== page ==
Gravitational collapse is the contraction of an astronomical object due to the influence of its own gravity, which tends to draw matter inward toward the center of gravity. Gravitational collapse is a fundamental mechanism for structure formation in the universe. Over time an initial, relatively smooth distribution of matter will collapse to form pockets of higher density, typically creating a hierarchy of condensed structures such as clusters of galaxies, stellar groups, stars and planets. A star is born through the gradual gravitational collapse of a cloud of interstellar matter. The compression caused by the collapse raises the temperature until thermonuclear fusion occurs at the center of the star, at which point the collapse gradually comes to a halt as the outward thermal pressure balances the gravitational forces. The star then exists in a state of dynamic equilibrium. Once all its energy sources are exhausted, a star will again collapse until it reaches a new equilibr ...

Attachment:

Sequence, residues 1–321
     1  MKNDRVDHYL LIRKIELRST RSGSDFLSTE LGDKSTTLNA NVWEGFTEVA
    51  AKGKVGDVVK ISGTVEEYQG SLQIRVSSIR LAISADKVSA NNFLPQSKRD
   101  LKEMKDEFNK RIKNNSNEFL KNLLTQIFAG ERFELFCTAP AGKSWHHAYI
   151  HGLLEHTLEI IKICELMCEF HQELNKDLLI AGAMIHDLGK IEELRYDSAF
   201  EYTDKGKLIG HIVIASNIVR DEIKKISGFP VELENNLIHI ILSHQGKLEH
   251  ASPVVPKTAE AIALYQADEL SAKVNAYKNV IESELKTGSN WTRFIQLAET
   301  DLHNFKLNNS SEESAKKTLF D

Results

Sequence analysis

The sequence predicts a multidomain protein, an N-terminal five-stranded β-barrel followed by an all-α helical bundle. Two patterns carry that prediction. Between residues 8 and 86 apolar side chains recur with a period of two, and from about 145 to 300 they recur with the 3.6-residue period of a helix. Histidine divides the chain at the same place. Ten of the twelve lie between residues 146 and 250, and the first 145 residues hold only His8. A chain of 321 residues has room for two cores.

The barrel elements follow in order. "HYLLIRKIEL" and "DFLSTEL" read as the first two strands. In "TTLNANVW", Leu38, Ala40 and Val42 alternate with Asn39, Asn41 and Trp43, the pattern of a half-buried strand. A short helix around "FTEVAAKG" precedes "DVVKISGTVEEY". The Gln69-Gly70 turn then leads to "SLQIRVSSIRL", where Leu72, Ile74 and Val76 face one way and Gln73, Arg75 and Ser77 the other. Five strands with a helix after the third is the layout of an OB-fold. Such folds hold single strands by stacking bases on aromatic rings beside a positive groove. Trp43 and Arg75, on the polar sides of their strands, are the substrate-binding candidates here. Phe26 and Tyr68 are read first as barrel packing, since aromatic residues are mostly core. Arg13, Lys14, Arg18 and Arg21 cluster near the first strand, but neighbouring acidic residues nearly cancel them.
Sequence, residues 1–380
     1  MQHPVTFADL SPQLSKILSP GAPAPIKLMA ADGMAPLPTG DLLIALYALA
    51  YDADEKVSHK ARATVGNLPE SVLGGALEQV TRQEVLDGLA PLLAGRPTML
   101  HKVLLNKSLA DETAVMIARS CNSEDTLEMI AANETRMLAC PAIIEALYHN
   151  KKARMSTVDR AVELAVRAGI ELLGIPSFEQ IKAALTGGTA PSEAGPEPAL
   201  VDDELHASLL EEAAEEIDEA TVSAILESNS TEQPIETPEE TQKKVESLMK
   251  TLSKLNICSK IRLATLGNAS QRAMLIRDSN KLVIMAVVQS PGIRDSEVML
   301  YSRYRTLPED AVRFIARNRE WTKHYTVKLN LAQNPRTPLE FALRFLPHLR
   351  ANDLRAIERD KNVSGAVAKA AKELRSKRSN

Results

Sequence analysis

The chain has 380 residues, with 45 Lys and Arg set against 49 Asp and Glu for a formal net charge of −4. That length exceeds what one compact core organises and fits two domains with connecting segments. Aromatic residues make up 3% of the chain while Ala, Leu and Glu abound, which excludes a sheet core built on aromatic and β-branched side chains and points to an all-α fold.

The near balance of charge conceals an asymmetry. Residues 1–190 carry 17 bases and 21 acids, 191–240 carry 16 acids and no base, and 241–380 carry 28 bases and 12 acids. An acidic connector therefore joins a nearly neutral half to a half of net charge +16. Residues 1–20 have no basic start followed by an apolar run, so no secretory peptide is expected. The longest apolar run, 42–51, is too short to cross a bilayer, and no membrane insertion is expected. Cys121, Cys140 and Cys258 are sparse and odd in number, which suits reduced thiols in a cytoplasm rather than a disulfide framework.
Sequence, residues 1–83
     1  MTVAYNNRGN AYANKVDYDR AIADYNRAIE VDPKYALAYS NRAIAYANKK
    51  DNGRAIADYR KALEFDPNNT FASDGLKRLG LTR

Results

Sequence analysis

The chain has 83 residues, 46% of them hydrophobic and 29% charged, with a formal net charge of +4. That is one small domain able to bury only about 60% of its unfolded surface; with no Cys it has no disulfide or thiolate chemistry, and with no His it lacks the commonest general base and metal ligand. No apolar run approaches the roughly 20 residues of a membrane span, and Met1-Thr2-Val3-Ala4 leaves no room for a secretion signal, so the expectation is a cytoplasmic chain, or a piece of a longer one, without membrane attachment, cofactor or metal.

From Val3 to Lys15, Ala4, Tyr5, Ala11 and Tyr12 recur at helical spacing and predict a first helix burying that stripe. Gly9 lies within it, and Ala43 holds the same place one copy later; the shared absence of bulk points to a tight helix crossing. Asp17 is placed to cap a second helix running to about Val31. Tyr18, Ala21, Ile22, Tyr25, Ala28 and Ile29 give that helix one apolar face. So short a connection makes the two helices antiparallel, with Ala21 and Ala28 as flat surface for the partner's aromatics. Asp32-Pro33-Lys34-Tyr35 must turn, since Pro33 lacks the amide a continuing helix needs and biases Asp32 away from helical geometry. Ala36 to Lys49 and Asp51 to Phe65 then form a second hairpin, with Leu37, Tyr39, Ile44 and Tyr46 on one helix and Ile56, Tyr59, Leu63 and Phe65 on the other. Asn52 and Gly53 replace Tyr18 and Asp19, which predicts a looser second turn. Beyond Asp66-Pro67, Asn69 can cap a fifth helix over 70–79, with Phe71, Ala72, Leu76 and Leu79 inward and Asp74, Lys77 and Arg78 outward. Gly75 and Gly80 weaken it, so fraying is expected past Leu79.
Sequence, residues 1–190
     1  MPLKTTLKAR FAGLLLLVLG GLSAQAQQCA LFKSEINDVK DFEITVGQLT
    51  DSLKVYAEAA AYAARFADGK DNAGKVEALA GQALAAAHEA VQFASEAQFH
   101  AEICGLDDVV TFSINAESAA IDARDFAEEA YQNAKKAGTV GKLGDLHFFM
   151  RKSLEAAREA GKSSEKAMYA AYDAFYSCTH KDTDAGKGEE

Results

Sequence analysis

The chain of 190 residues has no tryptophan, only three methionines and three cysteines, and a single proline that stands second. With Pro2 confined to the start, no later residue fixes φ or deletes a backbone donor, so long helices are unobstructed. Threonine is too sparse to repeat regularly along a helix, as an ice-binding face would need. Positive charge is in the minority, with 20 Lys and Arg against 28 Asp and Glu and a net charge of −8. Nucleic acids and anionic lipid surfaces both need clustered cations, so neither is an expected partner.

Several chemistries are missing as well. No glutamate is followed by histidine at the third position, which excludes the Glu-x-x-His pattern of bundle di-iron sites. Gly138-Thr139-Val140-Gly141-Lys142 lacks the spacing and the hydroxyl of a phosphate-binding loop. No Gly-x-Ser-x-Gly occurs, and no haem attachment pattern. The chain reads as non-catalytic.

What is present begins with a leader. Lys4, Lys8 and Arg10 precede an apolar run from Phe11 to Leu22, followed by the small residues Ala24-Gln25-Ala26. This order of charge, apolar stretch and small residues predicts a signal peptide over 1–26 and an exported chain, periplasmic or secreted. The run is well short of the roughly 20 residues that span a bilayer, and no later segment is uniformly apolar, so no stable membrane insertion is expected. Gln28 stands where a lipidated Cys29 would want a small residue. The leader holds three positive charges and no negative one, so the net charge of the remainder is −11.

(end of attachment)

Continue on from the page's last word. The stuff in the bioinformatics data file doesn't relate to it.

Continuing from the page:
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Stellar Evolution L Vs T
Stellar means anything related to one or more stars (''stella''). The term may also refer to: Arts, entertainment, and media * ''Stellar'' (magazine), an Irish lifestyle and fashion magazine * Stellar Loussier, a character from ''Mobile Suit Gundam SEED Destiny'' * Dr. Stellar, a Big Bang Comics superhero * ''Stellar 7'', a game for the Apple II computer system * ''Stellar'' (film), a Canadian film Music * Stellar (group), a South Korean girl group * Stellar (New Zealand band), a New Zealand-based rock band * "Stellar" (song), a 2000 song by Incubus * Stellar Awards, awards for the gospel music industry Brands and enterprises * Stellar (payment network), a system for sending money through the internet * Stellar Group (construction company), a construction company in Florida, United States * Hasselblad Stellar, a compact digital camera * Hyundai Stellar, an automobile model * O2 XDA Stellar, an HTC mobile phone Other uses * Stellar Airpark, an airport near Chandler, Ar ...
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Computer Model